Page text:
Bigger is better, at least as far as the Detroit Lions are concerned with their secondary.

After years of watching their undersized cornerbacks get picked on by more physical receivers, the Lions made it a point the last two years to add taller, longer-limbed cover men.

Of the four corners they’ve drafted since 2012, three are 6 feet or taller.

Jonte Green (6 feet) started five games as a sixth-round pick last year, after injuries hit the Lions’ secondary hard. Fifth-rounder Chris Greenwood (6-feet-1) spent his rookie season on the physically unable to perform list after hernia surgery. And Darius Slay (6 feet) was appealing in the second round this year because of his blend of size and speed.

“We’ve always sort of had that in our profile, but the opportunity to get those guys, there’s not many of them out there,” Lions coach Jim Schwartz said. “There’s probably a lot more 5-9 and 5-10 guys out there than there are 6-foot, 6-foot-1 guys. But all things equal, when you do have more size, it’s beneficial for you.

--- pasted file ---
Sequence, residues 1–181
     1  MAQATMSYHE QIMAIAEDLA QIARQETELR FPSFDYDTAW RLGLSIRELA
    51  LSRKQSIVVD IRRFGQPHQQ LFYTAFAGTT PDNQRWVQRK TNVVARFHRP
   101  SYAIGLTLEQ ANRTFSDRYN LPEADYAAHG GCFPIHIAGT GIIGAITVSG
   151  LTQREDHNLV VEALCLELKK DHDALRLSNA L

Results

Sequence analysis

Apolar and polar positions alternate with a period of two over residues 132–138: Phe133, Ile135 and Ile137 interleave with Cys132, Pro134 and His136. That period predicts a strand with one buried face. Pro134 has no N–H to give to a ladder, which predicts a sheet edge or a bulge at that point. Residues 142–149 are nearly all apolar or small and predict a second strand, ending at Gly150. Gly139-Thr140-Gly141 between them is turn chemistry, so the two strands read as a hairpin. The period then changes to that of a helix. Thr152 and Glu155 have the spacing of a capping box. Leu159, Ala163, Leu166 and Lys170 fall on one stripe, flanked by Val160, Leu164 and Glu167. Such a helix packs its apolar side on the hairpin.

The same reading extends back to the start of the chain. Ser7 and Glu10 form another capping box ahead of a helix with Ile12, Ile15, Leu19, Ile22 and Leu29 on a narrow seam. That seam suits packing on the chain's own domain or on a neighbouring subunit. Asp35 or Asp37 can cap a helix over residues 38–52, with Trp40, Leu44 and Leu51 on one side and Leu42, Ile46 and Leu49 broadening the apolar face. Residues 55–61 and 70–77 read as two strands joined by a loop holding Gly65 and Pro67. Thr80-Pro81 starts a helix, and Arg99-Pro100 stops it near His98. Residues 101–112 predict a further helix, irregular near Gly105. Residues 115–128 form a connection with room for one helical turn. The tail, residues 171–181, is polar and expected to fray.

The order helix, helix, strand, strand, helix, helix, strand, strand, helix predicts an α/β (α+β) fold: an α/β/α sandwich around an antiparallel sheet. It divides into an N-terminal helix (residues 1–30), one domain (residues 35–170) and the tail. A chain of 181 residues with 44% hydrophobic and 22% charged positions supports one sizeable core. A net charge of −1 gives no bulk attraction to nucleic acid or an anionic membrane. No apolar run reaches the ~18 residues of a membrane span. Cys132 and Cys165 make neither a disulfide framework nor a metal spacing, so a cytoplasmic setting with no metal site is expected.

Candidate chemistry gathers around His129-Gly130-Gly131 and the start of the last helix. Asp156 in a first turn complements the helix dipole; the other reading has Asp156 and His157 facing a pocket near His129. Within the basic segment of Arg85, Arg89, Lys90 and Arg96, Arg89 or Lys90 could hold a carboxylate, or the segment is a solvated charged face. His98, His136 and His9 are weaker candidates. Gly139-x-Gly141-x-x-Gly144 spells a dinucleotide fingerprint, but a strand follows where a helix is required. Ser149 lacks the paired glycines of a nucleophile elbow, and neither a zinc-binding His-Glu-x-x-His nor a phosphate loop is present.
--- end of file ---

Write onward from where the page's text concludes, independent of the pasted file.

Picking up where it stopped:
“You don’t want to end up sacrificing speed, you don’t want to end up sacrificing toughness and change of direction. I think that’s the balance that you have to play there.”

Schwartz called playing cornerback “probably the most difficult thing to do in all of sports.”

“You have to run with world-class receivers, you’ve got to start backwards and they’re going forward,” he said. “They know where they’re running, you don’t. You’ve got to be tough enough to take on pulling guards and running backs and skilled enough and fast enough to cover the elite athletes, guys that are Olympic-caliber speed. So you don’t want to sacrifice change of direction and speed for size, but if you have the change of direction and have the speed, then size is definitely beneficial.”

The Lions believe they’ve struck a nice balance between bigger, more physical corners and smaller, quicker ones that will help them match up with opposing receivers.